The First Mining Industry

Article 18
Many misconceptions about the so-called “Stone Age” need to be corrected because they are disparaging to the Bible and Christian faith. The use of stone does not imply that people were primitive. Pictures of Neanderthals banging rocks together to make tools wrongly gives the idea that the earliest humans were not smart enough to do any better. Nothing could be farther from the truth. The family of Noah wisely developed an advance mining industry that was appropriate for their time and circumstances.

Stone includes many materials that are not molten and molded like copper, bronze, and iron. The most common stone materials were flint and obsidian, but also jadeite, diorite, and schist, which are all harder than flint. Early on, stone was preferred to metal because it could be carried and shaped as needed. Metal required a complex, permanent installation that was unnecessary and poorly adapted to small settlements and migrating groups. Anyone familiar with the Bible knows that Tubal-cain was famous for forging tools with both bronze and iron long before the Flood (Genesis 5:22). The family of Noah chose to use stone rather than metal.

The philosophical concept of human evolution arranges tools beginning with those that are farthest from the Ark, that is, in Africa. These are called Oldowan because they only require a series of simple chips. The name Acheulean is given to the complex working of stones that skillfully produces very sharp edges by reworking pieces. Neanderthals used the Acheulean method. Any craftsman should be highly impressed by the quality of these tools and the extent of the craft among common people. According to the secular reconstruction, tools evolved until they reached a culmination in the Near East, but that’s only an opinion.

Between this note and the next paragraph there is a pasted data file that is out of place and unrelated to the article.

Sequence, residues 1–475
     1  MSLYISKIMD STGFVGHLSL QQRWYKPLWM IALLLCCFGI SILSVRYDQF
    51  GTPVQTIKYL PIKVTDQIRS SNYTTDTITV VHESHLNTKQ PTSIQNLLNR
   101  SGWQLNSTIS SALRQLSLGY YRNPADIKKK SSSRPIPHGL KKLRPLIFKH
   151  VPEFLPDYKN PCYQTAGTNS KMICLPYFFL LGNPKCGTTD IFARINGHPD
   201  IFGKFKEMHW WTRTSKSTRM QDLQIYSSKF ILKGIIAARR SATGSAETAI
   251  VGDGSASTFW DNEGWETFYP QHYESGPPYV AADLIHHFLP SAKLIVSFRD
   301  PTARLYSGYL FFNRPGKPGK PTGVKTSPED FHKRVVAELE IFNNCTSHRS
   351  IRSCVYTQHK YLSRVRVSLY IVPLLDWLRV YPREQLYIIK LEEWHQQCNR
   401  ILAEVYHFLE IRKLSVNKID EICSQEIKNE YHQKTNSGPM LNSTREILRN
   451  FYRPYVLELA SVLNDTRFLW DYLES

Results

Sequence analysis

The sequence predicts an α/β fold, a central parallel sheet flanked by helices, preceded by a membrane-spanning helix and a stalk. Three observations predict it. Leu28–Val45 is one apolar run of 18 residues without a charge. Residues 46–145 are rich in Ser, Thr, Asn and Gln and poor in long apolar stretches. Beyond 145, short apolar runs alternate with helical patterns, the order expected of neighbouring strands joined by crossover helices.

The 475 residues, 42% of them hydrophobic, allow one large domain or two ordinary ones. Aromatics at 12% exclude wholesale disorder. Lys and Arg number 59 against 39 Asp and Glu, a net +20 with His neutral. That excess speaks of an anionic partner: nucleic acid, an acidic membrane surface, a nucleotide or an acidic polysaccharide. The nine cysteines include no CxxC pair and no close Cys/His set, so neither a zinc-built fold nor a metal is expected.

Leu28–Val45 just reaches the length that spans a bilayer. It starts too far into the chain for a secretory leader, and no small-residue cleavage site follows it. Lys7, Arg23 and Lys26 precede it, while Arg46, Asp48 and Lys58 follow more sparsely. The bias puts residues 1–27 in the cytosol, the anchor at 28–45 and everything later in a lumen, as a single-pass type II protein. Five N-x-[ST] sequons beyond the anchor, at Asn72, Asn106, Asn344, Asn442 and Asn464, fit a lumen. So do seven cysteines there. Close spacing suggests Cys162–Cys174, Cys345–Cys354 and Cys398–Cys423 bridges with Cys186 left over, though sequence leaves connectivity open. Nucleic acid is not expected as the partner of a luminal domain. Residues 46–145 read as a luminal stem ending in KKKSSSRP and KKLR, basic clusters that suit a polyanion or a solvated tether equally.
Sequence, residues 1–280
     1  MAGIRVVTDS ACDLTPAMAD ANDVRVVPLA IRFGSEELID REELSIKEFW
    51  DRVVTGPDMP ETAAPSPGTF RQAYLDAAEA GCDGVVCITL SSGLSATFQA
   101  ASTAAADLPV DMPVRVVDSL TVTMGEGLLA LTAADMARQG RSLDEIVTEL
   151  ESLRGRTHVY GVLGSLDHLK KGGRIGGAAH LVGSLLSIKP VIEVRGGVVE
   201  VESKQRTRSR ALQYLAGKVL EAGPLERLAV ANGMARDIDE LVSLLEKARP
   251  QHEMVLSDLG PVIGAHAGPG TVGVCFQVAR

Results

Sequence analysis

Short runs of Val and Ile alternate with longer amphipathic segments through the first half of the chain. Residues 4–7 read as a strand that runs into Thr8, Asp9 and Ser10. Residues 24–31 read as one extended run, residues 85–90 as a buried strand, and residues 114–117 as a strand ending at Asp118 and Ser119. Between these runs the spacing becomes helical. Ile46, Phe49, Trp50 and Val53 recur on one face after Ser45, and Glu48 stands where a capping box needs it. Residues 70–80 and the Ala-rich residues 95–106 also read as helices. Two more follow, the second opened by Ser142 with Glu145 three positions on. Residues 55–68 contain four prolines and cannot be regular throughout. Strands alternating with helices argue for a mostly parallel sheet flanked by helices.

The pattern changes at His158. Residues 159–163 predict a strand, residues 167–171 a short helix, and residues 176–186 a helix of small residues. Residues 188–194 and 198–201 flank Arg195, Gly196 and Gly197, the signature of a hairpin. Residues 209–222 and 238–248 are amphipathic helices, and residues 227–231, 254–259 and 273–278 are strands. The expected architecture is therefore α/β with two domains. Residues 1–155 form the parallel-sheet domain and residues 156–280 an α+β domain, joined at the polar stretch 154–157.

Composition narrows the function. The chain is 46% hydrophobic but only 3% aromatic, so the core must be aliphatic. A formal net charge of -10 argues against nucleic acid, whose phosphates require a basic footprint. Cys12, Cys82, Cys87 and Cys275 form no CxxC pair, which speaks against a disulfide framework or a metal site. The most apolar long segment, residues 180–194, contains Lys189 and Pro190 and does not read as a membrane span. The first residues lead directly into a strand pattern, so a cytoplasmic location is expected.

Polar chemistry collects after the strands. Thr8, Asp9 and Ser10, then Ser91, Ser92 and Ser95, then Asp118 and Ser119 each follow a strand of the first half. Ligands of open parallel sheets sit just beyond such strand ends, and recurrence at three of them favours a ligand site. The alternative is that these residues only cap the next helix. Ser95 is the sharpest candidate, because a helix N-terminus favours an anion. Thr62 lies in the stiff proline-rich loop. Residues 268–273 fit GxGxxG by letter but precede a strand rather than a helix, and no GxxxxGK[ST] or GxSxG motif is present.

Civilization began downhill from the Mountains of Ararat.

According to the Bible, civilization began in the Near East when Noah and his family stepped off the Ark onto the Mountains of Ararat. The first thing they would have done would have been to seek out resources to build a new civilization. Archeology shows us that the first tools were made of flint and obsidian. Obsidian mines were worked all around the landing place of the Ark, at locations such as Bayezid, Suphan Dag, Nemrut Dag, Bingol, Alatepe, Cavuslar, and Ergani (see map). The mineral composition of the obsidian allows us to track its transport. It links mines and settlements in a trade network that spread across the entire Near East. The amazing thing is that all this mining and trade probably developed in the first fifty years.

Obsidian is classified as stone, which makes it part of the “stone age”, but it’s an amazing stone. Obsidian is black glass that is produced where minerals from a lava flow cool at a certain temperature. It can be easily ported anywhere and shaped on the spot. Obsidian produces slivers that have such a sharp edge that they have been used as scalpels. In fact, a metal knife cannot be sharpened as sharp as obsidian. It would truly be the material of choice for a survivalist.

Let’s forget the image of primitive cavemen inventing awkward stone tools. Within a few generations, the early tribal groups from Noah’s family had located obsidian and flint mines in the mountains around Ararat and had created an extensive trade network to supply raw materials to the extended family. This all happened in the early years before Babel and assured the success of the first settlements. We should be praising our forefathers for the legacy that they left us, rather than trying to obliterate their memory and replace it with a fantasy. The stone age was really a well-organized world trade network that tied miners to skilled craftsmen. Praise God for the hard-working children of Noah who established the first civilization of our time.

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